iTunes U: Med-Eds Harvard University of Health and Medicine

Standing on the Threshold: The Promise of Stem Cell Science

Douglas A. Melton, PhD. Xander University Professor of Stem Cell and Regenerative Biology

Regenerative Medicine:

stem cells to replace tissues

stem cells to screen for drugs that stop degenerative diseases

stem cells for healthy aging

Differentiated Cells Are Not Static:

cells are continually being renewed

intestine cells last a few days

blood cells last up to ten weeks

pancreas cells live for months to years

brain cells are nearly permanent

Degenerative Diseases:

alzheimer’s

Parkinson’s

ALS

Cardiovascular Disease

Diabetes

 

2 Essential Properties of Stem Cells:

self replicate (renew or regenerate themselves) and give rise to specialized cells

Human Embryotic Stem Cells

         Ectoderm: skin, brain, nerves

         Mesoderm: blood, heart, kidney, muscle, bone

         Endoderm: lung, liver, stomach, pancreas (size of banana), intestine

Making insulin- producing cells from stem cells:

 ES/IPS———-> Endoderm————> Pancreas———–> Endocrine———-> Insulin

 

While our nation is suffering from large financial defects, we’re also suffering from large beta cell defects. There are not enough beta cells in the population to manage  their glucose control leading to the epidemic of Type 2 Diabetes.

Making enough insulin-producing cells for a patient: 1 billion needed, nearly there……..

Making Human Heart Cells:

human embryonic stem cells—-> specialized cells——>reconstructing human heart cells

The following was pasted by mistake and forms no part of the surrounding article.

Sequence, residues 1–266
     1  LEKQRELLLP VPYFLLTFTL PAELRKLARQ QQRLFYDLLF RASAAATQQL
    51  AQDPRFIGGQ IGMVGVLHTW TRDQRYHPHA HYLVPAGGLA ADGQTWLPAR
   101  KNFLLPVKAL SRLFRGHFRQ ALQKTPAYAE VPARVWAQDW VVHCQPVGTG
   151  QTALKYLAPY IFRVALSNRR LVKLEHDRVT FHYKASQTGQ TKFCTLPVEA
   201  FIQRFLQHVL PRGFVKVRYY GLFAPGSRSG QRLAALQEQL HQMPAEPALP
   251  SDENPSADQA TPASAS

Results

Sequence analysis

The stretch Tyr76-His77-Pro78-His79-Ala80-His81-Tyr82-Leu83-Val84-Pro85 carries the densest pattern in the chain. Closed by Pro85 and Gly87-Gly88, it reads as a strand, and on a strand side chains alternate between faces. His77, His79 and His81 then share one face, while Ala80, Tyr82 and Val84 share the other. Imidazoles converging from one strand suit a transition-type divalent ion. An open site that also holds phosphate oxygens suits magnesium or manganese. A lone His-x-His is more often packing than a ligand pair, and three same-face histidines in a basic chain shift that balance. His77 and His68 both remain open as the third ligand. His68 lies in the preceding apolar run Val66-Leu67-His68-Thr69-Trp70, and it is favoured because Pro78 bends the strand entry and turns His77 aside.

Making stem cells from skin: induced- pluripotent stem cells.

skin cells—–> add DNA or RNA encoding reprogramming factors—–> patient specific stem cells

Degenerative Diseases (stem cells can reconstruct the neurons and cells needed):

Alzheimer’s: forebrain neurons

Parkinson’s: midbrain neurons

ALS: motor neurons

Cardiovascular Diseases: cardiac muscle cells

Type 1 Diabetes: Pancreatic Beta Cells

Screening for drugs that increase motor neuron life:

   goal: to define a drug to treatment that will slow the degeneration

Experiment: old and young mice must share a blood stream O=OLD Y=YOUNG

When one is injured what happens? 

OY   + young repairs at its own healthy rate

YY   + a lot of red, new muscle cells

OO  – can not repair

YO   + Old  repairs at Young rate

Results: 

1. Young blood improves muscle’s regeneration in old mice. Young blood contains factors that stimulate muscles stem cells in old animals. Old mouse’s blood is not poisoning the repairs (<—OY).

2. Young blood reduces cardiac size and improves elasticity in old mice.

3.Young blood enhances remyleination in old mice (brain).

 

 

 

 

 

 

 

 

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